One of the most anticipated parts of the Little Big Game is the halftime show. Both schools work for months to put on an amazing halftime show for those in the stands. Burlingame’s cheer team and band both performed first, followed by San Mateo’s cheer, dance, flag teams and band.
“Cheering at LBG is always so fun because the crowd has so much spirit that reflects onto the cheerleaders,” senior and varsity cheer captain Ashley Kung said.
Much like the rivalry on the field, both cheer and band members say they feel the rivalry during the halftime show too.
“We always feel a little bit of competition with the San Mateo cheer team, but at the end of the day, we try to put together a performance that our crowd will enjoy and they do the same as well,” Kung said.
“San Mateo’s marching band is a lot different from ours in that they are a separate class from their regular orchestra so they practice everyday and can devote a lot more of their time into marching,” Meghan Hockridge, a senior percussionist, said. “But it’s a pretty healthy competition and even with less practice we still seem to measure up pretty well.”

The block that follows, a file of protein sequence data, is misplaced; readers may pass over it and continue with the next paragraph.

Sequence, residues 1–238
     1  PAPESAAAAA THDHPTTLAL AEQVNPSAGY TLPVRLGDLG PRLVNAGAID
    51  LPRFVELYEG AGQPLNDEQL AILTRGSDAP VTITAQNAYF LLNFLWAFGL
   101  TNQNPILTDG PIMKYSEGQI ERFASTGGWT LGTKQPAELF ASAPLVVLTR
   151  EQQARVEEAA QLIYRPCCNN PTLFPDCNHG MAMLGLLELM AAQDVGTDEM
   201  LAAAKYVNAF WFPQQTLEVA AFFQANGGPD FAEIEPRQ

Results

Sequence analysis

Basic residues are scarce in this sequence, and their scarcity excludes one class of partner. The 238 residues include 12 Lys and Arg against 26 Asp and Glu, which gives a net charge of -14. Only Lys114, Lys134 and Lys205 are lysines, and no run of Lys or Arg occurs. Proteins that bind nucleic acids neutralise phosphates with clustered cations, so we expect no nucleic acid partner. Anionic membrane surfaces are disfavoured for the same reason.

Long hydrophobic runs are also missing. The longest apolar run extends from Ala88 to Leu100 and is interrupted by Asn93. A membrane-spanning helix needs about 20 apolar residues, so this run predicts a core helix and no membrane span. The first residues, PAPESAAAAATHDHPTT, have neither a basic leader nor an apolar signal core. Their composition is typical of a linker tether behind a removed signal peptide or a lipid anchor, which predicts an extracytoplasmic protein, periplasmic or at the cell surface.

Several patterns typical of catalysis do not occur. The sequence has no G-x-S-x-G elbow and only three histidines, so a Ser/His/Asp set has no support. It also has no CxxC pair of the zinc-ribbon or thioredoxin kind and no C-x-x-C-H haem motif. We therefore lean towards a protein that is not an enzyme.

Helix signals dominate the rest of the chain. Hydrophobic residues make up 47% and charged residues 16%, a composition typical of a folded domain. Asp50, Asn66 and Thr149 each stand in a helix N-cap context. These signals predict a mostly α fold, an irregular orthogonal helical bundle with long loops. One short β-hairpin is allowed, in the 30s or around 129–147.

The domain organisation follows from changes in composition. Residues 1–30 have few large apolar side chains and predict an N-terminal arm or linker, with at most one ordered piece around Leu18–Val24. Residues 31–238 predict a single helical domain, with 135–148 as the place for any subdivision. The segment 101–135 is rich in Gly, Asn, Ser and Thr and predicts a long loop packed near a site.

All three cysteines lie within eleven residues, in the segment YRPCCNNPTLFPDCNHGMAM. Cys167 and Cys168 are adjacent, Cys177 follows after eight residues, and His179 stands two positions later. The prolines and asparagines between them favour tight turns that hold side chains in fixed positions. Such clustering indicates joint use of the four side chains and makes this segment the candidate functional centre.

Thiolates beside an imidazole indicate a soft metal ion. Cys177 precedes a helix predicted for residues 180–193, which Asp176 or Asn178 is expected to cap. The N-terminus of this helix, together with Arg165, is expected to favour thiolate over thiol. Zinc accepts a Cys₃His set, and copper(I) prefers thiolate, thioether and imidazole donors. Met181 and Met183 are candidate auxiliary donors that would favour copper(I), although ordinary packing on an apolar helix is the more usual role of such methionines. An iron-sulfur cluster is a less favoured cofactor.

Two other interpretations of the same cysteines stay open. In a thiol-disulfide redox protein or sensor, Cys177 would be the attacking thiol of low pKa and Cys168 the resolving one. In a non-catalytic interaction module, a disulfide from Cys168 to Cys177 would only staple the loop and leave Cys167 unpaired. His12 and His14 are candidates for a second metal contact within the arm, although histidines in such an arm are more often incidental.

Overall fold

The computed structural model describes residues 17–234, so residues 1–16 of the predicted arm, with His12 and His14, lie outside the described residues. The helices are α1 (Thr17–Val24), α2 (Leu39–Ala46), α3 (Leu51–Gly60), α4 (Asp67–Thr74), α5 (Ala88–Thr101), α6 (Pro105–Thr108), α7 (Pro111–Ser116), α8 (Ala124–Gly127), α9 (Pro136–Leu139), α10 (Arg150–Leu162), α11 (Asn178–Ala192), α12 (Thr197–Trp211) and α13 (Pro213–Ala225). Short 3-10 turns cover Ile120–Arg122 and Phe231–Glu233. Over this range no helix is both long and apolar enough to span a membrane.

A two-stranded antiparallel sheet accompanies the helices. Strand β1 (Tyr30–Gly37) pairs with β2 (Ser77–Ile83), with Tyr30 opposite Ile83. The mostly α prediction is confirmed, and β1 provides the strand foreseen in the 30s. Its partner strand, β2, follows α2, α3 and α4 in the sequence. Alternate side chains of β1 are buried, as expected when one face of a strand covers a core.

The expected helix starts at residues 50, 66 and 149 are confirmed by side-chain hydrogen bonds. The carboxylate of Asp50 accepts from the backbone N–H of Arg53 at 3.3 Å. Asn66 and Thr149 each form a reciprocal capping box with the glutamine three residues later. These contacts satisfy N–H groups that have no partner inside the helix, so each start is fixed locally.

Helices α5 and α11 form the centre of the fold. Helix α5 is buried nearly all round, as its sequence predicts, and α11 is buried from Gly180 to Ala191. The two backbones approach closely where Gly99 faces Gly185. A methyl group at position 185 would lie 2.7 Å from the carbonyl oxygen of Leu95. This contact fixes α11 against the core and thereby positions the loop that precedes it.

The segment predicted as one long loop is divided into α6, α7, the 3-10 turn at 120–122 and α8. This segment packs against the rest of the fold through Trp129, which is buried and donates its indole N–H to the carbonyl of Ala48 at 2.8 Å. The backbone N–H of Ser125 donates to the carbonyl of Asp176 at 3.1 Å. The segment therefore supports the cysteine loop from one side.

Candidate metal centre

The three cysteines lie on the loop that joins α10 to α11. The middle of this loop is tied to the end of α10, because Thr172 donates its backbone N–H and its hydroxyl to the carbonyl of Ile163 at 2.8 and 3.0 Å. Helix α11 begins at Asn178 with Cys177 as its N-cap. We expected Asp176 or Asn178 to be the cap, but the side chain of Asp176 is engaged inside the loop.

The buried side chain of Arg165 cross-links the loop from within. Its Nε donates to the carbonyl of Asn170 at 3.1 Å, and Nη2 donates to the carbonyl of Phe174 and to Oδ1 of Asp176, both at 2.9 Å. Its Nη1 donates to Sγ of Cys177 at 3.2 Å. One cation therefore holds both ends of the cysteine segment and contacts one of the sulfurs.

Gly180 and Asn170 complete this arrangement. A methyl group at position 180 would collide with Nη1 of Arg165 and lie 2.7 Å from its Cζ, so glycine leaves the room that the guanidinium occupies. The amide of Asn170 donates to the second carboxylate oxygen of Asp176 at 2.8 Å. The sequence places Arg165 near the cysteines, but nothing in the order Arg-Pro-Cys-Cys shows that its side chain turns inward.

During the Little Big Game, the cheer team performs with varsity and junior varsity as one team, and the team traditionally dances to classic and timeless songs from the past. The routine began with The Isley Brothers’ “Shout,” and the famous kickline was perfectly timed to “Hey Mickey,” an 80’s classic.
The seniors took the spotlight for the end of the routine, dancing to “Hollaback Girl” for their final moments on the Little Big Game stage.
“I am sad that my last Little Big Game is over, but glad I got to take part in it all four years,” Kung said. “I think that I will miss the feeling of walking off the field after performing, knowing that we hit all of our stunts and performed a routine we were confident about and had so much fun doing the most.”
The band also took on a classic song, playing “Carry On My Wayward Son” with a drum break in the middle. The band performed under the direction of senior Stella Lorence, and for her and other seniors, the performance was a sentimental end to their four years of tradition.
“It’s definitely a little sad that it’s the last time playing at the Little Big Game, but I do feel really proud that all four years I’ve been given the opportunity to come out and support BHS,” Hockridge said. “Plus, we’ve won every year, so I definitely look back on all the Little Big Games fondly.”